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Football: History on the side of the Buckeyes and Meyer following loss

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OSU junior linebacker Chris Worley (35) quiets opposing fans after an interception in the first half during the Buckeyes game against the Wisconsin Badgers on Oct. 15. The Buckeyes won 30-23 in overtime. Credit: Alexa Mavrogianis | Photo Editor

OSU junior linebacker Chris Worley (35) quiets opposing fans after an interception in the first half during the Buckeyes game against the Wisconsin Badgers on Oct. 15. The Buckeyes won 30-23 in overtime. Credit: Alexa Mavrogianis | Photo Editor

Ohio State football has a combined five losses in the last five years. In the words of redshirt junior guard Billy Price, even though the team lost, it’s not like the world is ending.

Five losses in as many years is an impressive mark by anyone’s standards, but at OSU there always seems to be a level of play that is expected week in and week out from fans. Either the team looks like they are the best in the nation, or it’s a down week.

But history has a way of smiling upon the Scarlet and Gray following a week that leaves a bad taste in the mouth of fans.

Since the turn of the century, the Buckeyes are 20-8 in games immediately following a loss. Under Meyer, OSU has gone 2-1 following losses, while he has a 18-5 mark following a loss in his collegiate coaching career.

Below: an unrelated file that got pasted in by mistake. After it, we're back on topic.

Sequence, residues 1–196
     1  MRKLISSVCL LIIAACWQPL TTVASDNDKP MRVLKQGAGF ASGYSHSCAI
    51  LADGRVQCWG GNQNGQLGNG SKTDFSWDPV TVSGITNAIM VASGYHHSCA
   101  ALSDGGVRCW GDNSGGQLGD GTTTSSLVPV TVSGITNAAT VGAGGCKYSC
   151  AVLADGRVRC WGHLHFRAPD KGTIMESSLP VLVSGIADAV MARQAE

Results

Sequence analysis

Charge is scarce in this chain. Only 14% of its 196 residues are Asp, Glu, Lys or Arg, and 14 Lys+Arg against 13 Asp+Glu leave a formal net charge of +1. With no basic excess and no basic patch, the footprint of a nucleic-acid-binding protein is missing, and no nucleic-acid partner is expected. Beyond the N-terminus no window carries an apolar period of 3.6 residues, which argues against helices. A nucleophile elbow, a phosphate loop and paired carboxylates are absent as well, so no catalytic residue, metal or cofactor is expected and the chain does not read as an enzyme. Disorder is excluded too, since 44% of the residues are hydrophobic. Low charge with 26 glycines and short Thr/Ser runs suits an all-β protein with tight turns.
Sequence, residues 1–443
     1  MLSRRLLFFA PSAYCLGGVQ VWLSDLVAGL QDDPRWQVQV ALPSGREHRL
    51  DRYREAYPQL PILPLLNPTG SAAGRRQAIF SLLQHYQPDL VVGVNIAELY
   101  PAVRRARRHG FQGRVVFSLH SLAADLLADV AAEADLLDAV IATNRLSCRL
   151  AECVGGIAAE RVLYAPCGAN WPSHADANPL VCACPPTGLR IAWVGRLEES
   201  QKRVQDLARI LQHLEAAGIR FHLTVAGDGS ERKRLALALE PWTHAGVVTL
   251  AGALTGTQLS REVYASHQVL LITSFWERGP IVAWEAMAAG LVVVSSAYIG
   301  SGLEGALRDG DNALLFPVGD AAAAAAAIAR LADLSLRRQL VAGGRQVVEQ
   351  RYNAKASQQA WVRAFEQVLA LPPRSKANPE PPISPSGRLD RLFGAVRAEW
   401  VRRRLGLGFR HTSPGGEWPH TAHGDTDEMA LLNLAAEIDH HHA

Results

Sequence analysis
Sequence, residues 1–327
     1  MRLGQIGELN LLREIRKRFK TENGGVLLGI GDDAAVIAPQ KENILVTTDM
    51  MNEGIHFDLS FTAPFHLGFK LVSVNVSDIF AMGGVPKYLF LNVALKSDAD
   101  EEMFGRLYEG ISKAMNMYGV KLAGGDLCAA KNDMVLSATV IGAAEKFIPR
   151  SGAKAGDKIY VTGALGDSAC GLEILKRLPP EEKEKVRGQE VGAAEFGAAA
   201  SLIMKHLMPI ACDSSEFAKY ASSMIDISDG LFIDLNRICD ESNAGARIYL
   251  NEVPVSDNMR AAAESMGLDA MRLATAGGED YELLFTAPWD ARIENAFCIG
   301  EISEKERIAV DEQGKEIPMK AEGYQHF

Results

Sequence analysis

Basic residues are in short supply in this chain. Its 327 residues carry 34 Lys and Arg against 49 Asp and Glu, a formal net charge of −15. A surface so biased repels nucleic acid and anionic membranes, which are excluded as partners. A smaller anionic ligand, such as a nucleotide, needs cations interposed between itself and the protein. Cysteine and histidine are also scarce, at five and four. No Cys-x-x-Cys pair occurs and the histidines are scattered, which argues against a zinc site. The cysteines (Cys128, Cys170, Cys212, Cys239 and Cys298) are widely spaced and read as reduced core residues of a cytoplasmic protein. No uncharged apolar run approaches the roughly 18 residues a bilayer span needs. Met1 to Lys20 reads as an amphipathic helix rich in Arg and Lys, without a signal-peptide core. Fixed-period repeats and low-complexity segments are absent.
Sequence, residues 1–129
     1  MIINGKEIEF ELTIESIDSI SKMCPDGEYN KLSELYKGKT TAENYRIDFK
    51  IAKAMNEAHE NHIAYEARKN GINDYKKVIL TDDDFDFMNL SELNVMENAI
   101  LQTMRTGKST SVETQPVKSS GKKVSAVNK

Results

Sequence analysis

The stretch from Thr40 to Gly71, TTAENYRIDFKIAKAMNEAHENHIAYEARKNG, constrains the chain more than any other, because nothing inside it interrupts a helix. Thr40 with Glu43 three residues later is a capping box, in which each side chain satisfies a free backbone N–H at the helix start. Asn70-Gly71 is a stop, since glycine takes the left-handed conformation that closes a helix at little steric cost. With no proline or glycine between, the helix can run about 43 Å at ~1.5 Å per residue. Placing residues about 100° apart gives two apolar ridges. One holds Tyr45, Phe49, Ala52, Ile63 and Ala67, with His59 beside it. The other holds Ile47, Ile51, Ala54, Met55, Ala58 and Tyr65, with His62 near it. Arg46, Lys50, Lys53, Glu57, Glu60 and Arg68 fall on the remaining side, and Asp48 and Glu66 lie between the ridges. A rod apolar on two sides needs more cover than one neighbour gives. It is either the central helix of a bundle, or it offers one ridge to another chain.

The ability of Meyer and his staff to correct issues in the wake of dropping a game is why he is considered one of the best coaches in the nation. A key part of the Buckeyes approach to handling losses is to not single players out for mistakes and belittle the team.

“It’s not time to go dive into people,” Meyer said on Monday. “It’s time to correct issues.”

It’s no secret how to turn the tide after a rough week: make the necessary adjustments, study harder and make that much more of an effort during practice. In the weeks leading up to the Penn State matchup, there appeared to be a few glaring issues on offense and defense for OSU that were not addressed.

The passing game for the Buckeyes has struggled for three straight weeks, with redshirt junior J.T. Barrett struggling to hash out the proper timing with his wide receivers and scrambling for his life against the pass rush.

Price said there is no question in his mind as to the ability of the players around him. He said Penn State was a slip-up that will be addressed and corrected.

“I never like to say it was one thing in particular because that’s not what great teams do,” he said. “As a whole you must understand holistically what happened and how we didn’t execute at a high level. That’s how great teams move forward.”

That simple philosophy of owning up to their mistakes and taking the loss with a grain of salt has led to a history of winning following losses. With a team like Northwestern coming, OSU has a chance to prove why it dropped just four spots in the AP poll.

The Wildcats have a stellar offense, led by star junior running back Justin Jackson, but have more than a few issues on defense. It is a great opportunity for a bounce-back game for Meyer and the Buckeyes.

His message for a possible 19th career win following a loss is simple.

“You lose a game, you’re not a loser. If you lose a game, you accept it,” he said. “That’s the message to our players. We work so hard so that doesn’t happen. It happened; move on. Get ready for a very good team coming in here.”

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